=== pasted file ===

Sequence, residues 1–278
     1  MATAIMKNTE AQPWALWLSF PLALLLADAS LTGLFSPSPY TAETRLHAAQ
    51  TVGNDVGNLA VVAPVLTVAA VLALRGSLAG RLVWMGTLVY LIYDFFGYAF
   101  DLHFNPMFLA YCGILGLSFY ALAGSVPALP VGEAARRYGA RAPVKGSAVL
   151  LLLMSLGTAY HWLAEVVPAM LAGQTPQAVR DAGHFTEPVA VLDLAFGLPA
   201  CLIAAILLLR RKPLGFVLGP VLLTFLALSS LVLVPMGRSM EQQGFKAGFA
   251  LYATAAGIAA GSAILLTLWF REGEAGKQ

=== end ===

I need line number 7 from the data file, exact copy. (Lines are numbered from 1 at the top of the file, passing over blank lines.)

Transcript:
   251  LYATAAGIAA GSAILLTLWF REGEAGKQ